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Avoid A Blue Christmas

“It’s meant to be the happy time of year!”  Merle Haggard wrote that lyric in his hit “If We Make It Through December.”  Then there’s the Ernest Tubb classic, “Blue Christmas” from 1949, stating that “decorations of red on a green Christmas tree won’t mean a thing dear, if you’re not here with me!”

Alex Wong, Getty Images News

If you weren’t feeling sad and lonely under the tree with those songs, how about the lost hope heard in Dolly Parton’s lyrics to “Hard Candy Christmas?”  The haunting song goes “Maybe I’ll sleep real late, maybe I’ll lose some weight, maybe I’ll just get drunk on Apple wine.”

If you’ve ever called me to request an “unhappy” holiday song, I’m reaching out to you with a little holiday cheer!  Below are some tips to help you beat a “Blue (and Stressful) Chrsitmas.”

The Mayo Clinic suggests:

  • Acknowledge your feelings. If someone close to you has recently died or you can’t be with loved ones, realize that it’s normal to feel sadness and grief. It’s OK to take time to cry or express your feelings. You can’t force yourself to be happy just because it’s the holiday season.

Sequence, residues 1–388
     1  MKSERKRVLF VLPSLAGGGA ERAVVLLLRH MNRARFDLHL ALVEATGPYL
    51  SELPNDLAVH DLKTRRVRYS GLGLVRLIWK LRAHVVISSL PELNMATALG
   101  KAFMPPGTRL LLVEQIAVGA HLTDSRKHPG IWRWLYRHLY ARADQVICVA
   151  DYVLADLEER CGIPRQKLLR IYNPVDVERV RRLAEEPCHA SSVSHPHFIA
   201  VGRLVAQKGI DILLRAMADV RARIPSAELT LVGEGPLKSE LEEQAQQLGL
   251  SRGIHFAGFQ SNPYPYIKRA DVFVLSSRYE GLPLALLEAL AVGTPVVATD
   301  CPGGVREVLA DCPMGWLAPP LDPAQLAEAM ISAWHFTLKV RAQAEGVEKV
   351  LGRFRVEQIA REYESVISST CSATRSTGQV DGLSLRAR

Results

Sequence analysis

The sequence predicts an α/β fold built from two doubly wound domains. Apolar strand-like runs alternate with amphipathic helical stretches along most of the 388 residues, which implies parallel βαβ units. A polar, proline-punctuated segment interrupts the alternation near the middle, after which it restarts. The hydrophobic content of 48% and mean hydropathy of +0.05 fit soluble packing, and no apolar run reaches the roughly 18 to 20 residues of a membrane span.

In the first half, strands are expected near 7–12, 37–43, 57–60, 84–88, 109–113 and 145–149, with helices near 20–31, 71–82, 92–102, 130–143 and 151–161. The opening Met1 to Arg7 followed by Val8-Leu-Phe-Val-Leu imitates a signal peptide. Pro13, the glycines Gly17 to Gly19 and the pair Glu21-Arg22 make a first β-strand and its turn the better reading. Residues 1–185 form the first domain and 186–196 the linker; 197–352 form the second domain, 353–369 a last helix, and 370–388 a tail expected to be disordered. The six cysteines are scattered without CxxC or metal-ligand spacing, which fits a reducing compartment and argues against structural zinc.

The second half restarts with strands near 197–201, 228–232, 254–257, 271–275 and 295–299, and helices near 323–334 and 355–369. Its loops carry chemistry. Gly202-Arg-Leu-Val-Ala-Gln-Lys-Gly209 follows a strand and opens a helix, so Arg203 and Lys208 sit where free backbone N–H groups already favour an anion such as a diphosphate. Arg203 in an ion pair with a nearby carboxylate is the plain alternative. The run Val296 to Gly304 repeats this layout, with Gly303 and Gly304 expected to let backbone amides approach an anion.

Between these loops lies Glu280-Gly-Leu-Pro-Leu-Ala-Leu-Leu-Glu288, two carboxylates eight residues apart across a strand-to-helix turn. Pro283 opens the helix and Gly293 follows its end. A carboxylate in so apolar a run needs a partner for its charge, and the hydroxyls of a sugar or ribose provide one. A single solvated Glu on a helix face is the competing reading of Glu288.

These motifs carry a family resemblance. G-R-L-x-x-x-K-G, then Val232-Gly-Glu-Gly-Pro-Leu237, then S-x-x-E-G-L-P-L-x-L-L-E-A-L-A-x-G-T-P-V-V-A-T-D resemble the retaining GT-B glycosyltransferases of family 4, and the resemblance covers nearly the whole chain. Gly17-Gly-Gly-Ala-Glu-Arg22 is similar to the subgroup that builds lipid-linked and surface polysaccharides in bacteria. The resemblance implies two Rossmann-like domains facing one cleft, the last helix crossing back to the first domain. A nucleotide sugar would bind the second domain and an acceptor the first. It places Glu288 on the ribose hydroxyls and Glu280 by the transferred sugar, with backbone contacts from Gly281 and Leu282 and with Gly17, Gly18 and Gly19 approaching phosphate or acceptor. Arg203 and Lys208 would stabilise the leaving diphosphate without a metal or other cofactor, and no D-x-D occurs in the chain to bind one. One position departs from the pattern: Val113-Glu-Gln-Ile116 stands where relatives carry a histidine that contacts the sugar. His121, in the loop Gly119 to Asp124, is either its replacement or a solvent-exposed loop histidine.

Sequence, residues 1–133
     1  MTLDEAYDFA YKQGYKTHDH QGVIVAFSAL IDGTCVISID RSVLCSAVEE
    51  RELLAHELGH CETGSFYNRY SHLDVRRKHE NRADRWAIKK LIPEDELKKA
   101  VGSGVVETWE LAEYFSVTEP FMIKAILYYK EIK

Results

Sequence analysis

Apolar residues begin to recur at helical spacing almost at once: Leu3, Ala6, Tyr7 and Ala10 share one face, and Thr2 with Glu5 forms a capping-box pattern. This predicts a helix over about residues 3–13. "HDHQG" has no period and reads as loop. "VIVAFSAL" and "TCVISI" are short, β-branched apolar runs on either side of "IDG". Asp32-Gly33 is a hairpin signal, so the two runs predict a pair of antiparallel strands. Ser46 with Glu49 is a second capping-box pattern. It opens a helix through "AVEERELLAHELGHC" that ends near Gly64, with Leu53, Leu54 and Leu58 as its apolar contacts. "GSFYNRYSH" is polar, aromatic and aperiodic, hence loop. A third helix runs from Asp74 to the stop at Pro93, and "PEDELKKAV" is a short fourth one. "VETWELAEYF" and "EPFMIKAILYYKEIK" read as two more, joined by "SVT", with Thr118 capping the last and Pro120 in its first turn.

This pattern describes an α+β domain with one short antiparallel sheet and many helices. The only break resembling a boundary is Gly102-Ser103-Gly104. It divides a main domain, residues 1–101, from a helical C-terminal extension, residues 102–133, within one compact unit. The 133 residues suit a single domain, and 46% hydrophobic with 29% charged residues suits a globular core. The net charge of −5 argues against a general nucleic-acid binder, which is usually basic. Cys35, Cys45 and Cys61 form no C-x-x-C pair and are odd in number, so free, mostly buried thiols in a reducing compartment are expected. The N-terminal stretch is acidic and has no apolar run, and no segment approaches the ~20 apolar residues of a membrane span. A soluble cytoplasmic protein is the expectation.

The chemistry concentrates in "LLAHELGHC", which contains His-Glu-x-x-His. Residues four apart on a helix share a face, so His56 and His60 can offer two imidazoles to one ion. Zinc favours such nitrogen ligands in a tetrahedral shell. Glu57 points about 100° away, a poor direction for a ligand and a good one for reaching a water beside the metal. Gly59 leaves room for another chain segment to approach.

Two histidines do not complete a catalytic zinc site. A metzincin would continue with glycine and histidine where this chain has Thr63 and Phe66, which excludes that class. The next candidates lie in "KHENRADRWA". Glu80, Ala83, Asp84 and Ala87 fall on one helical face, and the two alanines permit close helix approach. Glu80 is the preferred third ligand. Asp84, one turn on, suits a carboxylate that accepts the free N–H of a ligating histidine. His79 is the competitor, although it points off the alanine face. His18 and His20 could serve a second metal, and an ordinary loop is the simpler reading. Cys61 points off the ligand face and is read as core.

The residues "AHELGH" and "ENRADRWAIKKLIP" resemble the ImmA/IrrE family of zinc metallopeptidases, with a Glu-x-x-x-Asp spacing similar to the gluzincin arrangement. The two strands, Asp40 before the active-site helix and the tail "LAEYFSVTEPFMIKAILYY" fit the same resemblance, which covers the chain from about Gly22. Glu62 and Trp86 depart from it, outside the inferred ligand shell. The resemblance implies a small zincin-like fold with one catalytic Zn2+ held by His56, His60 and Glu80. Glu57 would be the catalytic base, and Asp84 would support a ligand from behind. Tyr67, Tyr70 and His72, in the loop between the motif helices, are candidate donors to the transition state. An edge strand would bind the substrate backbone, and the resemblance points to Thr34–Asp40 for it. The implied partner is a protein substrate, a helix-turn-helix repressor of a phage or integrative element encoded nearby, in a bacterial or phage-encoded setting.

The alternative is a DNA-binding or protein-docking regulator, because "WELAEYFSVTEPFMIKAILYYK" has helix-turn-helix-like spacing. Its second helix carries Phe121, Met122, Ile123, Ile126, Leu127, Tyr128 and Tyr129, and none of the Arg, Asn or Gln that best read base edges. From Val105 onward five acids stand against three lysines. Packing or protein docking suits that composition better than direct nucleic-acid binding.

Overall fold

• Reach out. If you feel lonely or isolated, seek out community, religious or other social events. They can offer support and companionship. Volunteering your time to help others also is a good way to lift your spirits and broaden your friendships.
  • Be realistic. The holidays don’t have to be perfect or just like last year. As families change and grow, traditions and rituals often change as well. Choose a few to hold on to, and be open to creating new ones. For example, if your adult children can’t come to your house, find new ways to celebrate together, such as sharing pictures, emails or videotapes.
  • Set aside differences. Try to accept family members and friends as they are, even if they don’t live up to all your expectations. Set aside grievances until a more appropriate time for discussion. And be understanding if others get upset or distressed when something goes awry. Chances are they’re feeling the effects of holiday stress and depression too.
  • Stick to a budget. Before you go gift and food shopping, decide how much money you can afford to spend. Then stick to your budget. Don’t try to buy happiness with an avalanche of gifts. Try these alternatives: Donate to a charity in someone’s name, give homemade gifts or start a family gift exchange.
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